Disability rights advocates in wheelchairs held a protest Tuesday in front of the downtown Berkeley McDonald’s at University and Shattuck avenues, against what they said was unlawful discrimination against three of its disabled employees.
The protest came a week after the Legal Aid Society Employ-ment Law Center of San Francisco filed charges with the U.S. Equal Employment Oppor-tunity Commission alleging that their client Lisa Craib, 43, was unfairly dismissed from the restaurant along with her two co-workers because of their developmental disabilities.
Craib, diagnosed with Asper-ger’s Syndrome—a form of autism—worked the 7:30-10 a.m. morning crew, cleaning tables, preparing salads and bussing for almost 21 years
Craib said that shortly after the franchise was sold to a new owner in March, she and two other workers with disabilities—Susan Hanks and Alice McGill—were abruptly fired.
McDonald’s released a statement on behalf of Nick Verghis, the new owner of the McDonald’s franchise, Tuesday, which was similar to the one issued in response to the charges filed last week. “I have a strict policy prohibiting any form of discrimination in hiring, termination, or any other aspect of employment,” the statement said. “I comply with all applicable laws—including the American Disabilities Act—and continually strive to maintain an environment in which everyone feels valued and accepted. Beyond that, it would be inappropriate to further comment or speculate.”
Inappropriate..uh huh...Susan Hanks, one of the disabled workers fired along with Lisa on March 18, stood outside the restaurant talking to family and friends. Hanks, who has cerebral palsy, was the first disabled worker to be hired by the downtown McDonald’s. “I have been here since 1982,” Hanks, 65, said. “I don’t want my job back, but I want them to know that they fired me and they shouldn’t have done that.” Hanks said she was considering joining in the federal charges filed by the Legal Aid Society.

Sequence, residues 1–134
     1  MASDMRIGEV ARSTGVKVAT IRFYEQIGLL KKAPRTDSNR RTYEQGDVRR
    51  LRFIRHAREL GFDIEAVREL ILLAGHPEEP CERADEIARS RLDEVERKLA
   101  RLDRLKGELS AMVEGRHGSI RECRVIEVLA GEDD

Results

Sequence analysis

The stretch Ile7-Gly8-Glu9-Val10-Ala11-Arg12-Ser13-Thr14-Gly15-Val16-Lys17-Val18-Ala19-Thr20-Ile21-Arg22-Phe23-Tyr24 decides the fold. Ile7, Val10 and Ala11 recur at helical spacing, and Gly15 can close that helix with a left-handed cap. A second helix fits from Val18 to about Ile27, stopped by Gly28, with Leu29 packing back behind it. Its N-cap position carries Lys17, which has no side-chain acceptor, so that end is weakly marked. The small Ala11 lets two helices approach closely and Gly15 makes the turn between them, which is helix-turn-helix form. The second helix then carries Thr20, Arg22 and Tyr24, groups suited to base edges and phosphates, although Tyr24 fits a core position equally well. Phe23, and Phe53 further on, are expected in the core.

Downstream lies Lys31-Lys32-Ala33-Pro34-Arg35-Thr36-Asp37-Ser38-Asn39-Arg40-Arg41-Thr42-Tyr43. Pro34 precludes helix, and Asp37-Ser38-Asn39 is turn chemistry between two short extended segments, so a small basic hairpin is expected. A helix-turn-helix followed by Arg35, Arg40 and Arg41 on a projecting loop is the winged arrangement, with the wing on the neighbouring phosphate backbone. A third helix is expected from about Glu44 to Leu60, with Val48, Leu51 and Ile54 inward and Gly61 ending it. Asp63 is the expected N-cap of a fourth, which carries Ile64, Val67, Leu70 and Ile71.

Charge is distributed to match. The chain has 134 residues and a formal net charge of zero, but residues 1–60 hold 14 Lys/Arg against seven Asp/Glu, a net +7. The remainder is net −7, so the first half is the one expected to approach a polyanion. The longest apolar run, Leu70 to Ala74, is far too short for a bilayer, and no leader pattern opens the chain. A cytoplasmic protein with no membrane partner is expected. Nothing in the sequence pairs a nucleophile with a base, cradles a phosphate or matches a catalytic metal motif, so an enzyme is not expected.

Lisa Gordon, one of the executive directors of Easy Does it, which provides emergency services to the disability community, watched the action from her wheelchair. Gordon expressed her thoughts through her assistant Alejandra Ortiz. “This is just wrong,” Ortiz said, translating for Gordon. “Lisa worked here for 21 years because she was able to. She knew how to do a good job. It is not fair that they fired them because they have disabilities.” “We are appalled by this,” said Gina Sasso, who co-directs the organization with Gordon, adding that more than 70 percent of people with disabilities are unemployed. “We are going to continue the struggle.”
3 employees...LONG time-employees...all disabled...fired.
Coincidence? Yeah...right...uh huh....And here is the rest of it.